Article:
(c) Chemotherapy Several chemotherapeutic drugs are used to kill cancer cells. But, their side effects like hair loss, anaemia is also reported.Most cancers are treated by the combination of the above three.
(d) Immunotherapy Biological modifiers like a-interferons are used to activate the immune system and helps in destroying the tumour.
Previous Year Examinations Questions
1 Mark Questions
1.Why is secondary immune response more intense than the primary immune response in humans?[All India 2014]
Ans. Since, the secondary immune response is based on the memory of primary response,i.e. first encounter with antigen. The second generated immune response is more fast having higher affinity for antigen, and therefore more intense than primary immune response.
2.Name any two types of cells that act as ‘cellular barriers’ to provide innate immunity in humans.[Delhi 2014]
Ans.Certain type of leucocytes (such as PMNL- neutrophils, monocytes) and natural killer cells are two types of cells that act as ‘cellular barriers’ to provide innate immunity in humans
3.Name the two intermediate hosts on which the human liver fluke depends to complete its life cycle so as to facilitate parasitisation of its primary host [Delhi 2014]
Ans.The human liver fluke requires two intermediate hosts, i.e. freshwater snail and fish to complete their life cycle and facilitate parasitisation of its primary host
4.How does haemozoin affect the human body when released in blood during malarial infection? [Foreign 2014]
Ans.The release of toxic haemozoin by the ruptured RBCs during malarial infection accounts for recurrence of high fever and chill every 3-4 days.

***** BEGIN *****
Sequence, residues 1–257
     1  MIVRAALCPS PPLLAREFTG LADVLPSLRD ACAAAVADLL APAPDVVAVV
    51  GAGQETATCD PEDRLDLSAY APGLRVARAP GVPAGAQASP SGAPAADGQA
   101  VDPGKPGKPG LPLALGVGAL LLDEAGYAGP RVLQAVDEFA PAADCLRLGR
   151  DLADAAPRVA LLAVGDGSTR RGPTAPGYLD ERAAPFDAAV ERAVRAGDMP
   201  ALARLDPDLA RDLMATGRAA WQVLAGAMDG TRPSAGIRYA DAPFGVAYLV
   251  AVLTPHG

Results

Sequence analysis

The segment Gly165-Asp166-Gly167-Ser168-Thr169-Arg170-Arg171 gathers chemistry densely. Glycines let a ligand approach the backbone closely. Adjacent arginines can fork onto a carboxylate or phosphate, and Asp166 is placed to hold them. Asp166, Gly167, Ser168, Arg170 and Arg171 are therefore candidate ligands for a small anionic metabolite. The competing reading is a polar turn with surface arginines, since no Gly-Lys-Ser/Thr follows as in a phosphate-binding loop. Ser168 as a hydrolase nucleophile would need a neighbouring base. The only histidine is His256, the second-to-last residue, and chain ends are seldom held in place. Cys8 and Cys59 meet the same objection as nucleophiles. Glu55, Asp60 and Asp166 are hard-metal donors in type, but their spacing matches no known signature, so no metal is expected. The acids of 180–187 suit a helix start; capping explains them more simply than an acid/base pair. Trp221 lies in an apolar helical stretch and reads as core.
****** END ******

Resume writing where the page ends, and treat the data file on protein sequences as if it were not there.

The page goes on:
5.What is an autoimmune disease? Give an example. [Foreign 2014]
Ans.The abnormal response of an immune system in which it fails to recognise ‘self and ‘non-self’ and start destroying its own cells and molecules is called autoimmune disease. Rheumatoid is an example of autoimmune disease which destroys articular cartilage and fusing bones
6.When does a human body elicit an anamnestic response? [All India 2013; Delhi 2011 C]
Ans.Second encounter of the organism with same antigen or pathogen elicits anamnestic or secondary response for which body have memory of first encounter.
7.State two different roles of spleen in the human body? [All India 2012]
Ans.The two roles of spleen in human body are:
(i) Spleen acts as a filter to trap blood-borne microorganisms.
(ii) It is also a large reservoir of erythrocytes
8.How do interferons protect us?[All India 2012]
Ans.Interferons produced by virus-infected cells protects the non-infected cells from viral infection by inhibiting its replication and making cells resistant to viral infection
9.Why do pollen grains of some flower trigger sneezing in some people?[Foreign 2012]
Ans.Pollen grains are allergens and cause allergy in some people due to release of chemicals i ike histamine and serotonin from mast cells
10.What is it that prevent a child to suffer from a disease he/she is vaccinated against? Give one reason. [Delhi 2010]
Ans.Vaccination produce antibodies in large numbers, which protect the child by neutralising the pathogenic agents during infection.The vaccine also generate memory B and T-cells.
11.How does malaria differ from chikungunya with reference to their vectors?[All India 2010 C; Delhi 2008]
Ans.Malaria is spread by the vector, i.e. Anopheles mosquite, whereas chikungunya is spread by the vector, i.e. Aedes
12.Malaria, typhoid, pneumonia and amoebiasis are some of the human infectious diseases. Which one of these are transmitted through mechanical carriers. [Foreign 2010]
Ans.Amoebiasis is transmitted through mechanical carrier, i.e. houseflies
13.How does colostrum provide initial protection against disease to newborn infants? Give one reason.[Delhi 2009]
Ans.Colostrum contains antibody IgA that provides protection against disease, thus protecting the newborn infants
14.Some allergens trigger sneezing and wheezing in human being. What causes this type of response by the body? [Delhi 2009]